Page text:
The Tay, Perthshire has now in the last week of March for salmon fishing with higher expectation and we have had a cold weather pattern generally although slightly milder last week however winter is still biting with a return to colder conditions towards the end of the coming week but certainly not as extreme witnessed from three weeks ago. Expectation has gone up on the river for 2018 after a string of successful springs over the last 5 years, fish are starting to be caught in greater numbers plus the fantastic news of a 35 pounds fish being landed on the river recently and continuing larger fish being caught week in week out has put the Tay again at the centre of everyone’s attention. Hopefully the weather will remain reasonably settled over the coming weeks and give everyone a chance of landing a spring “Bar of Silver” and even possibly a fish of a lifetime.
Beat catches reported
(week ending 24th March)
SALMON & GRILSE: Upper Redgorton 4, Benchil 1, Catholes 1, Stobhall 1, Taymount 6, Ballathie 2, Islamouth 1, Meikleour and Upper Islamouth 3, Delvine Burnbane 1, Murthly 1 1, Glendelvine 4, Murthly 2 2, Newtyle 1, Dalguise 2, Lower Kinnaird 1, Edradynate 1, Findynate 2, Farleyer Upper 1, Loch Tay Fish n' Trips 4, Portnacraig Pitlochry 2.
Total: 41 Largest: Glendelvine 25lbs
SEA TROUT: Delvine Burnbane 1.

Spring salmon were landed last week in continuing greater numbers in relatively cold weather and river conditions favouring those who braved the elements in most cases. The river has been unsettled especially on the lower river yet again from melting snow on low ground sending coloured water from the burns and Isla making fishing extremely difficult, however colder nights made the river above the Isla drop back giving good conditions last thing on Saturday and with a return to colder weather it should be a good week coming. The numbers were heartening with over forty fresh spring salmon recorded last week but it must be said that could have been a lot higher if the lower area had been more fishable loosing at least 3 days. It is early yet with only small runs coming into the river and fluctuating weather can make fishing difficult. Some of the fish that have been caught remain truly memorable as typical Tay specimens due to their size and depth. Hopefully there will be a lot more of them to come.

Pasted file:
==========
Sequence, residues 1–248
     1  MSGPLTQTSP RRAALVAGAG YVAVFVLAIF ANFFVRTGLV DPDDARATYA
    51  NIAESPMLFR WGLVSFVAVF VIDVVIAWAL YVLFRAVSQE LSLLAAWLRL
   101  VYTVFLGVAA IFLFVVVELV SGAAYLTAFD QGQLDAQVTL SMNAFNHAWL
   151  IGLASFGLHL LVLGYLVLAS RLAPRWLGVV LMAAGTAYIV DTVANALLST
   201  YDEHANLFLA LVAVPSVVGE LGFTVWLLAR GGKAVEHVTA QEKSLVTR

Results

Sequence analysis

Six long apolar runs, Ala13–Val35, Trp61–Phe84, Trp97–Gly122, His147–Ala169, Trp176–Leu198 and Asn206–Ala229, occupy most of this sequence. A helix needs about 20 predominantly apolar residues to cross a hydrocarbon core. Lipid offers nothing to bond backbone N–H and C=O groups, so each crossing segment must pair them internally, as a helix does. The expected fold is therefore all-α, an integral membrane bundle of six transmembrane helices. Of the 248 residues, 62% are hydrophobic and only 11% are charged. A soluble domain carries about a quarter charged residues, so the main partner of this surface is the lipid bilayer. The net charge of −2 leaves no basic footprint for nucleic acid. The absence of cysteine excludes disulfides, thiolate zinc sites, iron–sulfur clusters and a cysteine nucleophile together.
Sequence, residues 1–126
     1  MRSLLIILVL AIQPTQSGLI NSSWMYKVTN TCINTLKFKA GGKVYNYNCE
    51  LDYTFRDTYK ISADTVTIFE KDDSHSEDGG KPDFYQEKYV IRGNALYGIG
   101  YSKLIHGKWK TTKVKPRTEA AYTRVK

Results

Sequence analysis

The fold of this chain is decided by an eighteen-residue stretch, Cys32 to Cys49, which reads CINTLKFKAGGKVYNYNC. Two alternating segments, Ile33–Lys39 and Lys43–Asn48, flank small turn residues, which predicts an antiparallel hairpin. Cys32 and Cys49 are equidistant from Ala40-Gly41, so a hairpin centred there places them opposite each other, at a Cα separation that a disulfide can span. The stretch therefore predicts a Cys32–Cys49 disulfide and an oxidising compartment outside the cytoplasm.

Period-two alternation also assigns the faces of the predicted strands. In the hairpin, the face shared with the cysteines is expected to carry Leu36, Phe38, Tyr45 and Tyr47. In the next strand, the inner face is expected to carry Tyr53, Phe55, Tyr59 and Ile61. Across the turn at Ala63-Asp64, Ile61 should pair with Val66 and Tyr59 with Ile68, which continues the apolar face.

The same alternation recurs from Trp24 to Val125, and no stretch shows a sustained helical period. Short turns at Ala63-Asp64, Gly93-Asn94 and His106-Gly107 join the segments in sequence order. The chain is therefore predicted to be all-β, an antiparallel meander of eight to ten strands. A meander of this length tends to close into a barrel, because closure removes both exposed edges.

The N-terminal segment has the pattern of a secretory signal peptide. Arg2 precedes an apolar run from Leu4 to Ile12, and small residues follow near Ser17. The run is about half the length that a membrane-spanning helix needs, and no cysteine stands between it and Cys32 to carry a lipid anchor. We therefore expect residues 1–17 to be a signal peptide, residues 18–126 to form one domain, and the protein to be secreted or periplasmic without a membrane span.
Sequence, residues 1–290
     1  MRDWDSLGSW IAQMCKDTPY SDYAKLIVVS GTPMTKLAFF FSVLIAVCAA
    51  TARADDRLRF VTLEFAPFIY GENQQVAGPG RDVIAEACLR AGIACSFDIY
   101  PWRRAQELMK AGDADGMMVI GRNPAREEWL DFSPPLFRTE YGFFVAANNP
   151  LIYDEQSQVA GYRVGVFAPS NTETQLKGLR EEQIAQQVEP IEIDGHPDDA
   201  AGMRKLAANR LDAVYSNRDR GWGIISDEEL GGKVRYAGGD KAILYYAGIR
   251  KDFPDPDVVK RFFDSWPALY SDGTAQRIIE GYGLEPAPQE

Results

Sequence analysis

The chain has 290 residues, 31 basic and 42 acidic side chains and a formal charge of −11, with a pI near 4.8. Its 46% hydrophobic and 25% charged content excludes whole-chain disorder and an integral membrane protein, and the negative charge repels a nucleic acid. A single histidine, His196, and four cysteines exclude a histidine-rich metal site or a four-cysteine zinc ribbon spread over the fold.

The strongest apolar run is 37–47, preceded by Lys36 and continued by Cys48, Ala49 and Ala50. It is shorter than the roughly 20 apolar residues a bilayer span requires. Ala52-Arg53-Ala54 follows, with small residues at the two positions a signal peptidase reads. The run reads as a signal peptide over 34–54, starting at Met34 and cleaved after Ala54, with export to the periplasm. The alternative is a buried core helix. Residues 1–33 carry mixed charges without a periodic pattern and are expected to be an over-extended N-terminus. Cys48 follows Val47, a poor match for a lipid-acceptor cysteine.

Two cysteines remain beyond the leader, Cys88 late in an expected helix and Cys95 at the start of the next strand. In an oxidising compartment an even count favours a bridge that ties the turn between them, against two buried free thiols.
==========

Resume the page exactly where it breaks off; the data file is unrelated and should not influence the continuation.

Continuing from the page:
The Lower river saw a few fish being landed earlier in the week giving everyone a boost before the water coloured from heavy rain and snow melt on Thursday and Friday before clearing late on Saturday. Fish have now been caught below Stanley with Upper Redgorton going on a roll with 4 fish in three days earlier in the week. 

The week for Mike Hay got off to a flyer with Alan Robertson landing a 13 pounds long tailed lice fish on Monday, it was soon followed by fish landed by George McKinlay and 

Greggor Nimmo up to 14 pounds from the boat. It was not until the Saturday when the river was clearing on the Stanley beats that 

Alistair Mitchell caught a lovely fresh 9 pounds fish casting the fly in Aitken Head on the Benchil beat and Frank Muller landed a 7 pounds fresh fish in the Back Dam on the Catholes beat. Further upstream Taymount got their week off to a great start with 3 fish followed by another 3 over Tuesday and Wednesday. 

Stobhall only had a single fish in the week however it was 24 pounds beauty caught by lady angler Grace Van Beek. 

Ballathie had a couple in the week with a 20 pounder caught by the Yorke party on Monday then defying the odds on Friday before the water coloured Peter Kellock landed a lovely fresh fish from the boat. Islamouth had one on Tuesday but would prefer much lower water to gain more success.